STRIDE – Study of the effect of topical warm oxygen in treatment of diabetic foot ulcer

a) Background

Diabetic foot ulcer (DFU) is one of the common complications seen in diabetes mellitus. Approximately 15% of diabetic patients develop foot ulcers in their life time and this is known to precede amputation in 85% of the cases . In India, the prevalence of diabetic foot ulcers in the clinic population is 3.6%.

The complications associated with such ulcers can be prevented by multidisciplinary approach in wound management. Apart from the regular measures like blood sugar control, wound debridement, in some cases topical oxygen therapy, hyper baric oxygen therapy, electrical stimulation, bio-engineered skin and growth factors may be used as adjunct therapies to speed up the healing process

Hyperbaric oxygen therapy (HBOT) is one of the approved application used as adjunctive therapy for non-healing wounds such as diabetic and vascular insufficiency ulcers .

b) Objective

To assess the efficacy of topical warm oxygen therapy on top of standard of care compared with standard care alone on the wound healing rate.

c) Methods

This was a parallel group study. We had randomly assigned 20 participants in a 1:1 ratio using SAS-based computer-generated randomization scheme developed by the study data management provider. We used block randomization with random permuted blocks. The investigator would complete a randomization worksheet as detailed in the study manual and fax it to the central project office. The allocation was then be disclosed by telephone to the investigator.

d) Results

- 5 patients in the control group had a worsening of ulcer area as compared to 1 patient in the intervention group at the end of 6 weeks.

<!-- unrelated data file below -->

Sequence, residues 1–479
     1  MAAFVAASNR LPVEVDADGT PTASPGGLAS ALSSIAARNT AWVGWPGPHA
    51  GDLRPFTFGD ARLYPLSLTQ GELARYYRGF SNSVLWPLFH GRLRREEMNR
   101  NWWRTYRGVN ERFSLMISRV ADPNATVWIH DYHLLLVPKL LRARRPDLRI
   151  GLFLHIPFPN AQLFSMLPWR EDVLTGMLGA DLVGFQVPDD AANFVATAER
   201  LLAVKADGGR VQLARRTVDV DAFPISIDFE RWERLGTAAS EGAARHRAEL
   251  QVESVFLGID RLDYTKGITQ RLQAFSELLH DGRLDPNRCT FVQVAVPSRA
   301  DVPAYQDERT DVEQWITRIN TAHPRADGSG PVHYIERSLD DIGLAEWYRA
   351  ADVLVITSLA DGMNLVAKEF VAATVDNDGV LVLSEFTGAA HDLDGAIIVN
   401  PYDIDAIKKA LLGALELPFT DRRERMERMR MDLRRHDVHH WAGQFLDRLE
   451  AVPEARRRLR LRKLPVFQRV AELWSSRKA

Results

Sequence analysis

- 2 patients in the control group had 3 serious adverse events related to worsening of the ulcer area and suppuration requiring hospitalization. 2 of these hospitalizations resulted in amputation/ invasive intervention procedures. In contrast, no participant in the intervention group needed hospitalization. There were no amputations in the intervention group.

Our study demonstrated a statistically significant difference  in ulcer areas between the intervention and control groups at 6 weeks follow-up, with the log (area of ulcer) in intervention group being significantly smaller. The intervention group also demonstrated a statistically significant reduction in within the group ulcer area at 6 weeks and 12 weeks respectively. The within group reductions in ulcer area in the control group were statistically not significant. There were no adverse reactions related to the intervention in the intervention group and the warm topical oxygen therapy was generally well tolerated throughout the duration of the intervention

e) Total recruitment & no. of sites

20 subjects were recruited from 1 site in India.

f) Conclusion

The results of the STRIDE pilot study indicate that topical controlled, warm oxygen (at 41 ?C, 1 liter per minute) delivered through the KADAM device was well tolerated by patients with  lower limb ulcers (Wagner Meggit II/III) and moderately well controlled type 2 diabetes (HbA1c < 10>

g) Publication status (Name & year):

Indian Journal of Surgery, 2021

h) Publication link

Updated as on: 18 Jul 2022


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